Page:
[Top][All Lists]

[Date Prev][Date Next][Thread Prev][Thread Next][Date Index][Thread Index]

Re: Dynamic loading progress

From: Eli Zaretskii
Subject: Re: Dynamic loading progress
Date: Fri, 20 Nov 2015 23:56:04 +0200

> From: Philipp Stephani <address@hidden>
> Date: Fri, 20 Nov 2015 19:58:25 +0000
> Cc: address@hidden, address@hidden, address@hidden
>     So you are saying that module_init runs in the main thread, but
>     dynamic initializers might run in another thread? How's that
>     possible?
> According to http://stackoverflow.com/a/29776416 it is not guaranteed that
> dynamic initializers run in the main thread.

Ah, you are talking about C++ dynamic initializers!  So the model is
that someone writes a module in C++, starts a thread there, and then
inside some dynamic initializer calls emacs-module interface
functions, is that it?  If that's the situation, I'd suggest a
prominent commentary describing this in the source.

>     On what OS can this happen? It cannot happen on Windows, AFAIK,
> http://blogs.msdn.com/b/oldnewthing/archive/2010/08/27/10054832.aspx seems to
> indicate that it is possible that other threads continue running after the 
> main
> thread has exited.

Not in Emacs: we use the C runtime, and never call ExitThread, let
alone ExitProcess.  Doing that would be a silly bug.  There's no need
to make a single component of Emacs, and not the most important one,
protected to such extreme degree against calamities that are only
possible if Emacs developers will lose their senses.

> My initial code didn't use a thread identifier at all because it could have
> been reused after the main thread ended, introducing a subtle bug.

No, it cannot be reused, because we hold a handle on the main thread,
see w32term.c around line 6985.  As long as a single handle is open on
a thread, it still exists from the OS POV, and its ID cannot be

>     > This is undefined behavior, but we included an explicit check if
>     > checking is enabled because that case is somewhat subtle.
>     I'm surprised this could happen on some OS. Can you point to any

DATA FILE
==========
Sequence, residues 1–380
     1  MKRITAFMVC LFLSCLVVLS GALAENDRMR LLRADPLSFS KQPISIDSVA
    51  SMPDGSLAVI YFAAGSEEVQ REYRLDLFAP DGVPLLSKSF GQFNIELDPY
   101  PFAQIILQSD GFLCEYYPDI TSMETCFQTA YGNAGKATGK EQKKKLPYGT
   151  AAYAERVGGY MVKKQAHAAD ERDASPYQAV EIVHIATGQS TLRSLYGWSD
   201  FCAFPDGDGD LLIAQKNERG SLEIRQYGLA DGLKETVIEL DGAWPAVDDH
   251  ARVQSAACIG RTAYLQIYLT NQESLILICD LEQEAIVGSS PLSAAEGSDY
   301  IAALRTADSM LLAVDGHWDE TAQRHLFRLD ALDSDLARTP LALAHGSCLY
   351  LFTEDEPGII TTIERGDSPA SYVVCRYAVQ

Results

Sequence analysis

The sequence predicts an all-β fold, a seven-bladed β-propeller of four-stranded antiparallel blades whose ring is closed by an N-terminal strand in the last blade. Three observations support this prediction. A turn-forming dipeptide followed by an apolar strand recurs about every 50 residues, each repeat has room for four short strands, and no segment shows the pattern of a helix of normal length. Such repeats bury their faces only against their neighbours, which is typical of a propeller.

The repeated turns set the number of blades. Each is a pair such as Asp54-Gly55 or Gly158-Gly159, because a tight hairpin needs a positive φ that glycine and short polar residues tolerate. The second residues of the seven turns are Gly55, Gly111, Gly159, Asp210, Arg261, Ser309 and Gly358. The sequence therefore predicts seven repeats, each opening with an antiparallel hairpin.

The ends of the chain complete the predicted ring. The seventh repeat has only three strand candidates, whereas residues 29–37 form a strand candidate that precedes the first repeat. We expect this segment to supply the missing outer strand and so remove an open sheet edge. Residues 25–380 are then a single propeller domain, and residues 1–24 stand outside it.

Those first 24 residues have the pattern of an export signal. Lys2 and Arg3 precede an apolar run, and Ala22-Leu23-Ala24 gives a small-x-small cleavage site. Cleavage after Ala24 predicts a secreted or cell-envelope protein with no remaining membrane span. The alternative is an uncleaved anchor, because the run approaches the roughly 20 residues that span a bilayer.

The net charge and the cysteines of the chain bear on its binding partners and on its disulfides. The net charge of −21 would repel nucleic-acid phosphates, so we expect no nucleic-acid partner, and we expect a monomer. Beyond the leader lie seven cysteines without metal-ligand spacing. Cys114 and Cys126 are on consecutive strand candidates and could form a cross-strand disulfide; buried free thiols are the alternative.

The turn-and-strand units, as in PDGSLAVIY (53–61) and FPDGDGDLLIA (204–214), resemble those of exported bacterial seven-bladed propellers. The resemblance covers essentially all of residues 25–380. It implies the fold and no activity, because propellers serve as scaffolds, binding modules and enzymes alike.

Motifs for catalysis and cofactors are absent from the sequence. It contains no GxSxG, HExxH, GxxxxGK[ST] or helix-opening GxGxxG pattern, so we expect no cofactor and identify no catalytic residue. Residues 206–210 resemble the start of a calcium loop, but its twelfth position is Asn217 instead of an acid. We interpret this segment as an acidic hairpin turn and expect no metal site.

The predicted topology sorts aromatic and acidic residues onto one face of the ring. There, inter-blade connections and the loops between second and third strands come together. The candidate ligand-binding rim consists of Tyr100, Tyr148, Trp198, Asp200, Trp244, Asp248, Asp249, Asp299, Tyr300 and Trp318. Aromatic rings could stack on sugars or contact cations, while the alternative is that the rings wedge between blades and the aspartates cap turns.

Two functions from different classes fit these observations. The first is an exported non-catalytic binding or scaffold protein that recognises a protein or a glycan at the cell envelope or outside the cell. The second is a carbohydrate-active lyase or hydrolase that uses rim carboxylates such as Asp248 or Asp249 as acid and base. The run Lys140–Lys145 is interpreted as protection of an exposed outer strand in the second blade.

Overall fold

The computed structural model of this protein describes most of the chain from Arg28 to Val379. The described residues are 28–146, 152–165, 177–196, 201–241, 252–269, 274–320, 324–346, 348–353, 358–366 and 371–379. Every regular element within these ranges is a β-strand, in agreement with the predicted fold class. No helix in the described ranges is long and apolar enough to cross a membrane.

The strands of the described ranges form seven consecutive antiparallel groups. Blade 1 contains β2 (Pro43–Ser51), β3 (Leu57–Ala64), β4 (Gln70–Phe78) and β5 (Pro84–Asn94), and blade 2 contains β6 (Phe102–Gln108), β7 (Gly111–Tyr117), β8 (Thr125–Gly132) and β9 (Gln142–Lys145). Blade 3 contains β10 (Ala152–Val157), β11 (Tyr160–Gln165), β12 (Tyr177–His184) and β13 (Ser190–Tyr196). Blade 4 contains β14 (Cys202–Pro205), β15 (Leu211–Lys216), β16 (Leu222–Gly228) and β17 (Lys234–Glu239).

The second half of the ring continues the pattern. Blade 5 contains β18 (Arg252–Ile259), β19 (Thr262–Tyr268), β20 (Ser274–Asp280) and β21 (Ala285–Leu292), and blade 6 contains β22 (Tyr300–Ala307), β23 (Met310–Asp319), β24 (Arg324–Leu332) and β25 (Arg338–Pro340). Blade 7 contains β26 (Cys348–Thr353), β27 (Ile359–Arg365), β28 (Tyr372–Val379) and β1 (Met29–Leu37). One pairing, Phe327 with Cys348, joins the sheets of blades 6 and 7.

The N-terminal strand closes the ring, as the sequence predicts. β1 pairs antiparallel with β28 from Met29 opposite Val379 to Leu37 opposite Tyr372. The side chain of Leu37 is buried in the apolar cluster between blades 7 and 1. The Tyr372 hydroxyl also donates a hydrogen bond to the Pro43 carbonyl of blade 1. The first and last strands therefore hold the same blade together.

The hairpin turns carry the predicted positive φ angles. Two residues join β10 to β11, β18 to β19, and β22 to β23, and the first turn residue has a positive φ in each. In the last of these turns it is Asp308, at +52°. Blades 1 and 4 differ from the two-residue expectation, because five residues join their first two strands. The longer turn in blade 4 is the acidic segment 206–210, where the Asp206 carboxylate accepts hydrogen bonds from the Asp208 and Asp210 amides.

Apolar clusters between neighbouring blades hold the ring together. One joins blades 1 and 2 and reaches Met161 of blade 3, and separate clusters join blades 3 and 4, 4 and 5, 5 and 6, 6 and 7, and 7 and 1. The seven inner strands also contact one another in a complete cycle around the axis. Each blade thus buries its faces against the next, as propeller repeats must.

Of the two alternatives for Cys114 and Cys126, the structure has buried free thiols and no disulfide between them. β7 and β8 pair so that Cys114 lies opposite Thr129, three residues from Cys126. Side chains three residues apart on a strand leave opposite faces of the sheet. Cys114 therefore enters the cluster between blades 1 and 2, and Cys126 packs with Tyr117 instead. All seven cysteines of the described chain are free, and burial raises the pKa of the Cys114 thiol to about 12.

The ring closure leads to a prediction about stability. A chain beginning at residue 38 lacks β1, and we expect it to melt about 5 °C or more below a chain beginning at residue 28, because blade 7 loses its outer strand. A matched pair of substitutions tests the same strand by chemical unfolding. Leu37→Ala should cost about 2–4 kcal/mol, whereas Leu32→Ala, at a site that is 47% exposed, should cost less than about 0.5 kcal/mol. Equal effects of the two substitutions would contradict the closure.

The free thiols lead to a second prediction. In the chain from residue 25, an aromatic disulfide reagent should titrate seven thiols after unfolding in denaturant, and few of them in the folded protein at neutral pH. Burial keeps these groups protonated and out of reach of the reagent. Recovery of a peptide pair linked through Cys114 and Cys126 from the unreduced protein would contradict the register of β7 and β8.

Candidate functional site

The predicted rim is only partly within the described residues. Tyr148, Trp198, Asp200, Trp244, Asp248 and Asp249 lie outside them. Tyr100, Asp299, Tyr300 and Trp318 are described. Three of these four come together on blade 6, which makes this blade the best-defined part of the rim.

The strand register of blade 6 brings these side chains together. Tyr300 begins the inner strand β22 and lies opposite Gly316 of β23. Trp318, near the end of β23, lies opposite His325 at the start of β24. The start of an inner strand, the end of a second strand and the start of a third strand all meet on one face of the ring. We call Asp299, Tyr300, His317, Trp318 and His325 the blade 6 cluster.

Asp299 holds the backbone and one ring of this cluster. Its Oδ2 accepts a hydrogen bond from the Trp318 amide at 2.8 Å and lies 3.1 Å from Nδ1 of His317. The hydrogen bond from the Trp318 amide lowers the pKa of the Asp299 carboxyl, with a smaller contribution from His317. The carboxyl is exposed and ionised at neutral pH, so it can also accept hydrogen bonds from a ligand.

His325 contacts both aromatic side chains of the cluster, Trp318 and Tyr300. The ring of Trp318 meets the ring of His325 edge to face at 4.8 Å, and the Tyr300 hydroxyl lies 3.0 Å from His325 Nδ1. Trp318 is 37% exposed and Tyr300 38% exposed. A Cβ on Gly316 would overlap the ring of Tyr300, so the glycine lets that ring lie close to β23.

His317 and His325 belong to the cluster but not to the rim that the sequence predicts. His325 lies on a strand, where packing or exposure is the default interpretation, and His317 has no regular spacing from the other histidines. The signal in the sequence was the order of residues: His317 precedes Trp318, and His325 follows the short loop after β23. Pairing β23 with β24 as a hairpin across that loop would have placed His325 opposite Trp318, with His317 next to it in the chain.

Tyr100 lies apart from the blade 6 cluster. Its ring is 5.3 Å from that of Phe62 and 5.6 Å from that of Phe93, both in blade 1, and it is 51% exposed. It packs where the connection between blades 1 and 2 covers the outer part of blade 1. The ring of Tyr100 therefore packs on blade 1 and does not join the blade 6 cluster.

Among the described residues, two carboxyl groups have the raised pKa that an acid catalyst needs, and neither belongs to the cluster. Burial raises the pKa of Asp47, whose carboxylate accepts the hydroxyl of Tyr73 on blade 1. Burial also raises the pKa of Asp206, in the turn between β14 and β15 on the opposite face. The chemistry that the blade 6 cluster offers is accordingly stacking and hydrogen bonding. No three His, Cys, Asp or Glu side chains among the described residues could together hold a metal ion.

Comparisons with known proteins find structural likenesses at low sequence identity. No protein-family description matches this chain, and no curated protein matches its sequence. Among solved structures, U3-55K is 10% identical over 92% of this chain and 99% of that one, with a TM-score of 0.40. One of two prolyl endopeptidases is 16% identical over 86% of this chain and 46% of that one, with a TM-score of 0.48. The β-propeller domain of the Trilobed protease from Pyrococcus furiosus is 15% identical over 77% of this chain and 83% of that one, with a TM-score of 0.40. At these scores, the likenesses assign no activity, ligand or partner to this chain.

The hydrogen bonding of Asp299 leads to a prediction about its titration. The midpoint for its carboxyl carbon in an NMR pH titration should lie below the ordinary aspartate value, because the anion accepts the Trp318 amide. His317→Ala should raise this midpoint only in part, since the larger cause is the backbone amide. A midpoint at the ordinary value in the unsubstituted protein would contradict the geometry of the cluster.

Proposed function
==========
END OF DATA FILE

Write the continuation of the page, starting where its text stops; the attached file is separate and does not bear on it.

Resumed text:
>     details about this?
> It's not ruled out by the C standard or the APIs of operating systems. If 
> Emacs
> doesn't call ExitThread or manipulates the C runtime, then indeed it can't
> happen (at least on Windows), but I think it's brittle to rely on such
> subtleties without explicitly checking for them (somebody might introduce a
> call to ExitThread in the future without looking at module code).

I think these precautions are unnecessary.

Anyway, thanks for explaining this, I now know how to change the code
to DTRT on MS-Windows wrt to the thread checks.

>     OK, but then either there should have been a comment explaining this,
>     or, better, the test should have been after the addition. (Which, by
>     some strange luck -- or maybe something else -- is just what Paul
>     already did ;-)
> If the test gets moved after the addition, then we should have a verify
> (MAX_EMACS_UINT - 1 > MOST_POSITIVE_FIXNUM) or use __builtin_add_overflow to
> make sure the addition doesn't cause UB.

I don't think so.  Please take a look at the code Paul wrote there, I
don't see a problem with it.

>     > No validity checks on 'fin'?
>     >
>     > How should it be validated? In C an arbitrary (invalid) pointer could be
>     > passed. I think we just have to accept that this is UB.
>     Given the extensive checks elsewhere in the file, this surprised me,
>     that's all. How to test it? calling valid_pointer_p would be one
>     thing I'd suggest. Maybe there are other (perhaps platform-dependent)
>     checks possible here, I would have to look around. For example, it
>     would be good to make sure this points into executable code.
> You can't validate pointers in C. For example, is the following pointer valid?
> long a;
> double *p = (double *)(&a);
> The answer is no; this is an aliasing violation, and dereferencing p is UB, 
> but
> you won't detect this by trying to read the process's address space.

The function valid_pointer_p validates a pointer in the sense that it
points into the program's address space.  That's not a full
validation, and won't catch unaligned pointers or pointers into
non-executable portions of memory, but it's better than nothing.  I'd
certainly consider it under "#ifdef ENABLE_CHECKING" at least.

> See also
> http://blogs.msdn.com/b/oldnewthing/archive/2006/09/27/773741.aspx.

We don't use IsBadWritePtr on Windows to check this, see
w32_valid_pointer_p for how this is actually implemented.

Anyway, I'm surprised by this extreme POV: even if we cannot validate
a pointer 100%, surely it doesn't mean we cannot or shouldn't do some
partial job?  Why this "all or nothing" approach?

>     > if (len > INT_MAX || len < envptr->min_arity || (envptr->max_arity >= 0
>     &&
>     > len > envptr->max_arity))
>     > xsignal2 (Qwrong_number_of_arguments, module_format_fun_env (envptr),
>     > make_number (len));
>     >
>     > Why the test against INT_MAX? EMACS_INT can legitimately be a 64-bit
>     > data type with values far exceeding INT_MAX. Why impose this
>     > limitation here?
>     >
>     > Because the nargs argument in the module interface is an int.
>     Shouldn't it be EMACS_INT instead?
> EMACS_INT is an internal type that isn't exposed to module authors.

OK, but the type of nargs is ptrdiff_t, so the test should be against
the maximum of that type.  On 64-bit hosts, ptrdiff_t is a 64-bit
type, while an int is still 32-bit wide.

> Could xmalloc grow a variant that is guaranteed not to call longjmp?

We need to devise a way for it to detect that it was called from
emacs-module.c, the rest is simple, I think.


reply via email to

[Prev in Thread] Current Thread [Next in Thread]